India, China on the verge of troop disengagement in Pangong Tso-Chushul area

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NEW DELHI, November 11: India and China have broadly agreed to pull-back troops, tanks, howitzers and armoured vehicles from `friction points’ in the Pangong Tso-Chushul area in eastern Ladakh, in a big step towards defusing the seven-month-long tense military confrontation in the high-altitude region.
The “exact modalities and sequencing of steps” as well as the joint verification process for this proposed disengagement plan are now being “discussed and finalized” by the two armies as a follow-up to the eighth round of corps commander-level talks on November 6, said sources on Wednesday.
As per the plan, the disengagement is likely to begin from the north bank of Pangong Tso, where the People’s Liberation Army (PLA) has occupied and fortified the 8-km stretch from “Finger-4 to 8” (mountainous spurs)” since early-May.
PLA troops will withdraw to their positions east of Finger-8, while Indian soldiers pull-back westwards to their Dhan Singh Thapa post between Finger-2 and Finger-3. It will be done in a phased manner, with onethird of the rival troops withdrawing at each stage.
The stretch between Finger-4 and Finger 8 is then likely to be designated a “no-patrol zone” for the foreseeable future, even though as per India the Line of Control (LAC) runs north to south at Finger-8.
Concurrently, the two armies are also slated to withdraw their tanks and other heavy weaponry to “depth areas” from their current forward locations on the south bank of Pangong Tso-Kailash range of mountains in the Chushul sector to prevent “any inadvertent vertical escalation”. The final phase will entail the rival troops vacating the previously unoccupied Chushul heights.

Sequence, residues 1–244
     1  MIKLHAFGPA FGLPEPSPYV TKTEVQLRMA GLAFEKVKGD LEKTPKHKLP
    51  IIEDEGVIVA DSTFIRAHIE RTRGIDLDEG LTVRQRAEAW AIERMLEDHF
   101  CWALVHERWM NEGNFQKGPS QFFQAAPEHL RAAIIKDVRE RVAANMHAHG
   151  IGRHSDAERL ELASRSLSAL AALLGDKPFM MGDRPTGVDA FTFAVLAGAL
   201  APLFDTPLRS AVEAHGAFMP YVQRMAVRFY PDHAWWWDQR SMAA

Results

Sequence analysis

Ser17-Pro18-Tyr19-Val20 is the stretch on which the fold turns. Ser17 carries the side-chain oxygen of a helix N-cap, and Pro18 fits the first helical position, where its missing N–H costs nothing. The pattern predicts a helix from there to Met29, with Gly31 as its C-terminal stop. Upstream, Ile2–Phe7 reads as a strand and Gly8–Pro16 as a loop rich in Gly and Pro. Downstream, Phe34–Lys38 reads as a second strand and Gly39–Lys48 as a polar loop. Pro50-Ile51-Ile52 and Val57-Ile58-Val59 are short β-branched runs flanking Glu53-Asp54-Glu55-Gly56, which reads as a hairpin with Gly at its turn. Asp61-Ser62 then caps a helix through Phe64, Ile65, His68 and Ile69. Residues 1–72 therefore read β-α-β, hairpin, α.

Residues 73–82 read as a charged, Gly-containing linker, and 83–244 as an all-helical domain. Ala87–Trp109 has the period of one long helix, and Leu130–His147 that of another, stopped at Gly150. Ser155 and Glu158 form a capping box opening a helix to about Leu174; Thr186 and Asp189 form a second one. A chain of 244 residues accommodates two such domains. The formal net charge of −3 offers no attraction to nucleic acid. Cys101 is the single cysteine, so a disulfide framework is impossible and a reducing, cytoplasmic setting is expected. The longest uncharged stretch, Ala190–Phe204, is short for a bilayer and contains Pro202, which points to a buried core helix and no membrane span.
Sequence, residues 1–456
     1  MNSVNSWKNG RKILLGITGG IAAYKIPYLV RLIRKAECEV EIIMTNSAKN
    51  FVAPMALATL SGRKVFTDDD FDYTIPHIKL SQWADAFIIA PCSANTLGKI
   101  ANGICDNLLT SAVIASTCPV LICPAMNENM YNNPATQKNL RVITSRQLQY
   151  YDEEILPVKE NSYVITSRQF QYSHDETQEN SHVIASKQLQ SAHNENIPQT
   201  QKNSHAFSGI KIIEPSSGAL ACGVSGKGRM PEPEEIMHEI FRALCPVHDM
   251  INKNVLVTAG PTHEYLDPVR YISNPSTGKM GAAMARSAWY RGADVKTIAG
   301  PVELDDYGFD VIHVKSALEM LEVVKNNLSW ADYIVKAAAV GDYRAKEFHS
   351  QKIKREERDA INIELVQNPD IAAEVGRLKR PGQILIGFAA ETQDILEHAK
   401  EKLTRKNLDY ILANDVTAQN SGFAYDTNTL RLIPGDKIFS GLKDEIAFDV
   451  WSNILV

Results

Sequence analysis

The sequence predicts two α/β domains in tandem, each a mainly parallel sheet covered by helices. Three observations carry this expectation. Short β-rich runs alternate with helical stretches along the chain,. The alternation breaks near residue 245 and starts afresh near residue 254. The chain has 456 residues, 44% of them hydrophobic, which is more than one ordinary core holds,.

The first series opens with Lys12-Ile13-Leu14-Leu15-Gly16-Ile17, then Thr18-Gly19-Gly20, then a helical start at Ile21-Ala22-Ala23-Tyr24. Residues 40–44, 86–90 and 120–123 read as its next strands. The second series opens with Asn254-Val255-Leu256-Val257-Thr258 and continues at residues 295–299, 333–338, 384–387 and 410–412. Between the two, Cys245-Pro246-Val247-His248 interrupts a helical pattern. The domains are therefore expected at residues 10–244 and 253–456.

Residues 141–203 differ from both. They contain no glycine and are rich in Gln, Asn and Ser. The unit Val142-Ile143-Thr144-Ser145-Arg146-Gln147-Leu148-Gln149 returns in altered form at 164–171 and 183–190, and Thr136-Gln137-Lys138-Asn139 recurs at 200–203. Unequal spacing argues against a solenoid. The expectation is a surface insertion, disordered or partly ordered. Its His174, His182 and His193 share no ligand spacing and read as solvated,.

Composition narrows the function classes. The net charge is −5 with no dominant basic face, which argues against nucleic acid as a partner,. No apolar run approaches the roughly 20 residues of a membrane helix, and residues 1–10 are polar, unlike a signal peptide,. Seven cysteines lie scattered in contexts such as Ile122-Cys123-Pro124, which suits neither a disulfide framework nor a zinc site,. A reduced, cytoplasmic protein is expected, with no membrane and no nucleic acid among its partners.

The opposing military build-ups in the strategically-located Depsang Plains, where the Chinese soldiers have been blocking Indian troops from going to their traditional patrolling points for over six months now, will be taken up separately at a later stage.
“Depsang is an old problem. The first priority is the flashpoints in the Pangong Tso-Chushul area. The time-bound disengagement process can kick off within this month if the modalities are finalized, either through the ongoing daily hotline talks or another round of corps commander-level talks,” said a source.
Army chief General M M Naravane on Tuesday made it clear a mutuallyacceptable disengagement plan is in the offing, in accordance with the “overarching” political directives issued after the foreign and defence ministers of the two countries met at Moscow in September, as was reported by TOI.
The onset of the brutal winter, which is exacting a toll on the thousands of rival soldiers deployed in the heights over 15,000-feet, also seems to have made China “more agreeable” to de-escalation.
Indian military commanders, however, are proceeding ahead with “abundant caution” due to the huge trust deficit after an earlier disengagement plan went awry in Galwan Valley, where 20 Indian and an unspecified number of Chinese soldiers were killed in clashes on June 15. Concerns have also been raised that Indian troops must not be left in a tactically disadvantageous situation during any mutual pullback.
After being caught off-guard by the PLA on the north bank of Pangong Tso in May, Indian troops carried a proactive military manoeuvre to occupy the ridge line stretching from Thakung on the south bank to Gurung Hill, Spanggur Gap, Magar Hill, Mukhpari, Rezang La and Reqin La (Rechin mountain pass) on August 29-30.
These six-seven heights make it possible for Indian troops to oversee the PLA’s Moldo garrison, positions and roads, and has served as an “effective counter-pressure point” for leverage in the talks.The PLA, of course, is also positioned on the Helmet Top, Yellow Bump and Black Top features along the LAC, with cameras in position to monitor the activities of Indian soldiers.
The jostling for these heights had led to at least four bouts of warning shots being exchanged by the rival troops, for the first time in 45 years, between August 29 and September 8.
As of now, an uneasy calm prevails in eastern Ladakh, though 50,000 soldiers each from the two armies, backed by howitzers, tanks and surfaceto-air missile systems, remain deployed in the high-altitude region. (TNN)